Ask Karen Gibbs

Veteran business correspondent Karen Gibbs answers your personal money questions and addresses current topics that affect YOUR finances on a daily basis. Karen is the financial expert in your corner--no question is too basic or too small. Karen boils down the issues simply: here's what you need to know, and here's what you need to do. Send your money questions to AskKaren@mpt.org and post your comments below.

30

August

How to avoid bank fees

Karen Gibbs

Hi Karen, how can I avoid paying banking fees that eat into my savings?

-Donna, Baltimore, MD

Credit Cards in a Wallet

Thanks for your question, Donna.  The average household spends $290 annually on banking fees which, to some, can be quite a bit of money.  There are ways to minimize, if not avoid altogether, fees that financial institutions charge.

First off, make sure you are aware of all the terms and conditions in your banking agreement.  Somewhere in the fine print, most institutions outline what fees they charge and when.

One of the easiest ways to avoid a minimum balance charge, a fee incurred if your balance falls below a certain level, is to have your paycheck deposited directly to your financial institution.  Most banks will waive the minimum balance fee if you enroll in direct deposit.  If you don’t use direct deposit and your average monthly balance is less than $500, you can expect to see an average of $12 charged to your account monthly for maintenance fees.

The average overdraft charge is $35 per transaction, so it’s smart thinking about your money to know your current balance, balance your checkbook after each transaction and link your accounts just in case you do spend more money than you have in your account.

The average charge for a bounced check is $30.  Be careful about cashing a check from someone else, especially if you don’t know who wrote the check or the institution that issued the check.  If you cash a third party check and it bounces, you are liable for the amount of the transaction as well as the bounced check charge.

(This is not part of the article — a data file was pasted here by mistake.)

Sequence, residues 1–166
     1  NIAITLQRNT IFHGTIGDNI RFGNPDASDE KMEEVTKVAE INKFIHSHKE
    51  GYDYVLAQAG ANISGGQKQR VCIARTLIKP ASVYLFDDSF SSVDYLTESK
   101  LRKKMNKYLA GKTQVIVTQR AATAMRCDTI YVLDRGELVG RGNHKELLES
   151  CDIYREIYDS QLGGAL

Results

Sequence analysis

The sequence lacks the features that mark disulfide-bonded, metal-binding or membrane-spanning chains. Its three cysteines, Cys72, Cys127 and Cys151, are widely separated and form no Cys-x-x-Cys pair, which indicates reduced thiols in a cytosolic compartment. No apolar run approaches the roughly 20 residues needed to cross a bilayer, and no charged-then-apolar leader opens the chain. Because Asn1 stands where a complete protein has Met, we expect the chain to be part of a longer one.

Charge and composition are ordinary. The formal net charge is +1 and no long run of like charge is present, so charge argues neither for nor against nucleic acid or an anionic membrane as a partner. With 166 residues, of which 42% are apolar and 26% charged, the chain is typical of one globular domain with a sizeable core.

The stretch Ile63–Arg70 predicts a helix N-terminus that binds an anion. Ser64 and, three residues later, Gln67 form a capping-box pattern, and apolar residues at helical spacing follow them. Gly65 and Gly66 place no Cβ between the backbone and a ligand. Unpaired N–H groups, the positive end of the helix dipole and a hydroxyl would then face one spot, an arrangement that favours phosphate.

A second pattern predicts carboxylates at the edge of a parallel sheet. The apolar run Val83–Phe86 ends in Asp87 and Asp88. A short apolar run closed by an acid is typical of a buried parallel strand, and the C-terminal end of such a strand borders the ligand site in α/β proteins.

One of the top consumer complaints about banking is fees associated with using an ATM (automated teller machine).  Again, somewhere in the fine print, the financial institution will tell you how much they will charge for an “out-of-network” ATM transaction.  Out of network ATM is an ATM not associated with the issuing financial institution.  Average out of network fees are $4.52 cents per transaction and are usually split between your financial institution and the ATM network used.

To avoid ATM fees, always use an ATM associated with your financial institution.  Ask your financial institution if it reimburses ATM fees.  If not, try to limit your ATM withdrawals.  It may help you stick to your budget as well as save you money.

You can also use your debit card for purchases and use the “cash back” feature.  Most debit card transactions don’t charge a fee for cash back, but double check that you won’t be charged before you sign your name.

Financial institutions can also charge a fee for lost cards, foreign exchange transactions, and charge for hard copies of cancelled checks.  Add to that annual credit card fees which average $58/yr. and it’s easy to see how can lose as much as $300 a year to banking fees.

A little research and a bit of planning ahead will help you keep more money in your pocket and pay out less to your financial institution. 

 

Shop around for the best deal and good luck!

 - Karen

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